A Saskatoon-based developer is banking on demand for new rental units in the city’s core to continue growing as more people seek to avoid the costs and hassle of owning houses or condominiums.
While multiplehigh-endcondo developments are underway in Nutana and nearby Varsity View, Baydo Development Corp. believes its money is best spent on a new 10-storey apartment tower on Broadway Avenue.
“You look at a comparable condo, you’re paying property taxes, you’re paying condo fees. Add mortgage interest into that and you’re in the same spot where you are with rent,” said Chris Luczka, Baydo’s vice-president of finance.
“Add that to the fact that the (Canada Mortgage and Housing Corp.) is tightening up how you can qualify for a mortgage, the banks are getting harder to get money from, and it makes a lot more sense to rent.”
Baydo’s plan to build on the site of the former RBC building emerged in a City of Saskatoon report last fall. On Tuesday, the company unveiled more detailed plans and said construction could begin as soon as this month.
Based on a 24-month construction timeline, that means the building — which is expected to contain units ranging in size from 460-square-foot one-bedrooms to 970-square-foot two-bedrooms — would be ready for leasing in the summer of 2021.
Luczka said the company already has a waiting list of people interested in paying rental rates currently estimated at between $1,200 and $2,200 per month for the units, as well as unnamed commercial tenants lined up for the building’s first two floors.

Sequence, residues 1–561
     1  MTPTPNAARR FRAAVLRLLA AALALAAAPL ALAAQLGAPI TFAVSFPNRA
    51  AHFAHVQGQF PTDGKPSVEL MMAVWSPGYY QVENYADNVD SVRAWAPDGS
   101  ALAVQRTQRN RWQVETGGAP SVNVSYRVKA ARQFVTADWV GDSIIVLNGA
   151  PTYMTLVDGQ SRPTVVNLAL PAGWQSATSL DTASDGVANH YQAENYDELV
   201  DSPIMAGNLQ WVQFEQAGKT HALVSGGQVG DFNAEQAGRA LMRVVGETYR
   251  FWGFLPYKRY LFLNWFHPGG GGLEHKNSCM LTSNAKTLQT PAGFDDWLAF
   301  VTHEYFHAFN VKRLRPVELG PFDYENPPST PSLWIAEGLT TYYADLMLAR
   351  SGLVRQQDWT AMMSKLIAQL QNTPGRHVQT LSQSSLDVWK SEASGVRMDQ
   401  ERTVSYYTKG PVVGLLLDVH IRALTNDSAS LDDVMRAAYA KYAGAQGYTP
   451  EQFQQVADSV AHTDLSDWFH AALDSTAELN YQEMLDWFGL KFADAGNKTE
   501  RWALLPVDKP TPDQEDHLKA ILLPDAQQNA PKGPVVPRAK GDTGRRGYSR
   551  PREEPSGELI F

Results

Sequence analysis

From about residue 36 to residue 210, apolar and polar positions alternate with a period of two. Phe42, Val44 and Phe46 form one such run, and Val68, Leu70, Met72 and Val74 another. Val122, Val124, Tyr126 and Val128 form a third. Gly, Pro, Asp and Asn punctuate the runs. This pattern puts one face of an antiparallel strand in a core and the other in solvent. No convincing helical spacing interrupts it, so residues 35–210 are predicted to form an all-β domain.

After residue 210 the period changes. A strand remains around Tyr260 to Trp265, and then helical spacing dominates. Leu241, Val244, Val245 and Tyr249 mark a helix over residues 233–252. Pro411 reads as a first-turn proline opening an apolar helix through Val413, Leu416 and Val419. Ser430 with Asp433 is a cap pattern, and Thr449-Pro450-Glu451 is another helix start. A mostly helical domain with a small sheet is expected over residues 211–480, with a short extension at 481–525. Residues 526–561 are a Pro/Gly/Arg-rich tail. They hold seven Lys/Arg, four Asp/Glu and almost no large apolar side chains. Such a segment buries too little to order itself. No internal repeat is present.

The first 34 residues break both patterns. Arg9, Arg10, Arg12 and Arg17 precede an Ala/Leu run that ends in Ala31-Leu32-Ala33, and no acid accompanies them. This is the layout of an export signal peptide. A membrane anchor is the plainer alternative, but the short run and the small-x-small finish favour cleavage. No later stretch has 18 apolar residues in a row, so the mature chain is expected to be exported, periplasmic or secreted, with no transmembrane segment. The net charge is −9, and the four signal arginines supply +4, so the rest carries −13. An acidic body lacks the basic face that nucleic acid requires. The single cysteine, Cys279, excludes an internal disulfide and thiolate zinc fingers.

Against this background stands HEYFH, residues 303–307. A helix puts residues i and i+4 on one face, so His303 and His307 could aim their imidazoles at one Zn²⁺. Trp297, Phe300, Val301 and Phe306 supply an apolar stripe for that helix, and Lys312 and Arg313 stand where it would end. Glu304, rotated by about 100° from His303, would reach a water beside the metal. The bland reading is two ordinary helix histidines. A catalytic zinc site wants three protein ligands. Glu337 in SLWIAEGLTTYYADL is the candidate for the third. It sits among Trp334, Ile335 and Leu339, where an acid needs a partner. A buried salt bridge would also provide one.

While those are higher than the city’s average rental rates — $870 per month for a one-bedroom and $1,040 for a two-bedroom, according to PadMapper — Luczka noted 880 Broadway will be the first new apartment tower in the area since the 1970s.
“It’s not even comparable,” he said, adding that everything from construction materials to finishings have improved dramatically since the last large apartment buildings went up in Nutana 40-odd years ago.
And because the property is already zoned to allow apartment buildings, Baydo can expect to avoid the lengthy and often contentious public consultation process that has frustrated some of the city’s most prominent infill developers.
He declined to say how much building the tower is expected to cost.
Luczka on Tuesday again declined to comment on a proposal, outlined in a separate city report, to build a pair of apartment towers containing a total of 364 rental units on a parking lot at the corner of Fifth Avenue and 25th Street East.
Baydo bought the property for $4 million last year. The towers, each of which is envisioned to rise 23 stories above City Park, would likely become the city’s single largest residential development project.